13. 13. Copyright © 2014 Rockwell Automation, Inc. All Rights Reserved. MPC Audit Value Estimate 15 • Each benefit needs a baseline calculation: • Capacity (add constraints/limits) • Specific energy, energy/feed rate (look for key disturbances or shifts. If bi-, tri- or more modal data is apparent – segment by grade) • Quality on end product or end product/feed quality (yield/conversion) • % losses or % off-spec or % down-grade (ask for Pareto on causes) • With grade-dependent operations – segment data per grade. • Distance from constraint: average to limit * gain • Reduce variation 35-65% σ • Confirm statistics against standard project benefits!
  14. 14. Copyright © 2014 Rockwell Automation, Inc. All Rights Reserved. 16 MPC Audit Concepts Time-plots (with/w-o cut data) Average Standard Deviation Moisture (as is) 10.228 wt% 1.194 wt% Protein (as is) 25.320 wt% 1.108 wt% Statistics Histogram, % off-spec
  15. 15. Copyright © 2014 Rockwell Automation, Inc. All Rights Reserved. Constraint Variables 17
  16. 16. Copyright © 2014 Rockwell Automation, Inc. All Rights Reserved. MPC Benefits Estimate: Finding a gain 18  In decreasing reliability, increasing model risk (from best to worst) • Step data from manual/operator corrections. You need multiple independent steps, SISO (Controller dynamic ID). Watch for inverse gains (modeling control). • Gain from past projects in same design and scale of equipment. • Gain from customer study, model or knowledge. • Gain from operator interview, (how much will this change if you move this 3 TPH (e.g. typical move size). • Gain from ANN/historic/empirical model with limited number of key inputs and very limited input correlation (high R^2) • Gain from clean (not noisy/broad) xy plot (high R^2).
  17. 17. Copyright © 2014 Rockwell Automation, Inc. All Rights Reserved. What is it worth? 19
  18. 18. Copyright © 2014 Rockwell Automation, Inc. All Rights Reserved. Comments? Discussion Fundamentals of MPC 1. Multivariate trade-offs 2. Long or complex (fast and slow) dynamics 3. Disturbance rejection or constraint pushing 1. Capacity 2. Yield/Quality 3. Energy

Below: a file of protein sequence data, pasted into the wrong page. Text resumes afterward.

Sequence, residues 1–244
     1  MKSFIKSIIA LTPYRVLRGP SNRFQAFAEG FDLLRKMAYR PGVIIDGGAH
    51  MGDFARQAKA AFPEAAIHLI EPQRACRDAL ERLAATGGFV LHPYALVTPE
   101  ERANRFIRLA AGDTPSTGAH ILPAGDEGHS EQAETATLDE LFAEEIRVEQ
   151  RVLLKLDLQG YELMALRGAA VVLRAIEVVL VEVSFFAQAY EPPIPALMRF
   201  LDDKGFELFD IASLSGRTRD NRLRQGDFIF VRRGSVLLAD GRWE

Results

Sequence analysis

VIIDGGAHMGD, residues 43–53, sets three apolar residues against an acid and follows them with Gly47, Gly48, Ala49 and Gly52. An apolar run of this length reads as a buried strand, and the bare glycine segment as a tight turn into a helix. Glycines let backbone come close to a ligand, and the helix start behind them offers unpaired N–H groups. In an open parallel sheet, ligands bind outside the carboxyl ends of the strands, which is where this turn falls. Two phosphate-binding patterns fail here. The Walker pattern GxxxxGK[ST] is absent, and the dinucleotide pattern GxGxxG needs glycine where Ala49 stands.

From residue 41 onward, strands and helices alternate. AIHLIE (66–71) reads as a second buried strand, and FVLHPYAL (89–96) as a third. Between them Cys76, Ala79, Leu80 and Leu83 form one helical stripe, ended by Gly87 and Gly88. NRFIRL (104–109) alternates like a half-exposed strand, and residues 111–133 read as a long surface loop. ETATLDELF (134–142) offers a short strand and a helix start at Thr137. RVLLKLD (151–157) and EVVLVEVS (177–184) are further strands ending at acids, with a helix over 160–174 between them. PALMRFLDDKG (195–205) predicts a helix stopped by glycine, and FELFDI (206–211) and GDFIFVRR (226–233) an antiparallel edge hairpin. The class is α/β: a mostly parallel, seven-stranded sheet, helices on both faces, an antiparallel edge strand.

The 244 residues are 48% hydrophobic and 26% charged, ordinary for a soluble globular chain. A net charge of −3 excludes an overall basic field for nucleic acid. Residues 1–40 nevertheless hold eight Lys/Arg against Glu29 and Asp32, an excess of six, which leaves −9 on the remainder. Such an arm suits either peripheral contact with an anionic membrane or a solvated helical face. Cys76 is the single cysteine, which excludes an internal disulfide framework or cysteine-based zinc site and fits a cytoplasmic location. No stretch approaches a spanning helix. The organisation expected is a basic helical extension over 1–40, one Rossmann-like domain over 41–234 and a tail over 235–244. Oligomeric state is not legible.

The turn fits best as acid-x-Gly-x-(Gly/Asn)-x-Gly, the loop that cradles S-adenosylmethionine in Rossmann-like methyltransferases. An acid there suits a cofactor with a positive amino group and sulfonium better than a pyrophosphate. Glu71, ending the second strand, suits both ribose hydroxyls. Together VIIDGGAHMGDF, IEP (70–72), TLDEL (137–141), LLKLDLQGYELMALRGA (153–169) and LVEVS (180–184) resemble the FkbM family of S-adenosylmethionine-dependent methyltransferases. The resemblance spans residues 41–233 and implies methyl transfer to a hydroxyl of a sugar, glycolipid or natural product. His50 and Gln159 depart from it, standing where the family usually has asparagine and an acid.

19. 19. Copyright © 2014 Rockwell Automation, Inc. All Rights Reserved. www.rsteched.com Follow RSTechED on Facebook & Twitter. Connect with us on LinkedIn. PUBLIC INFORMATION Mike Tay (metay@ra.rockwell.com) Thank You
  20. 20. Copyright © 2014 Rockwell Automation, Inc. All Rights Reserved. MPC Design : Instrumentation Needs 22 • When an instrument is a known solution requirements (ambient humidity on spray dryers, feed solids/density on evaporator). • When known, significant and not-to-expensive, available instrument is missing (e.g. fuel gas wobbe or gravity, not for natural gas, boiler O2) • When lab information is required for an accurate quality model – and an online solution is not too expensive and reliable. • When such an instrument is typical in this industry and good to have for the solution (e.g. pH). • A VOA is not a panacea. When an instrument is available, easily installed, reliable and not-to-expensive – consider it seriously. • Consider your competitive situation: putting in new instrumentation can be costly, disruptive and can eliminate significant competitive differentiation. It is an option: validate instrumentation is available, test build a VOA from history, confirm history (if available) of developing such a VOA.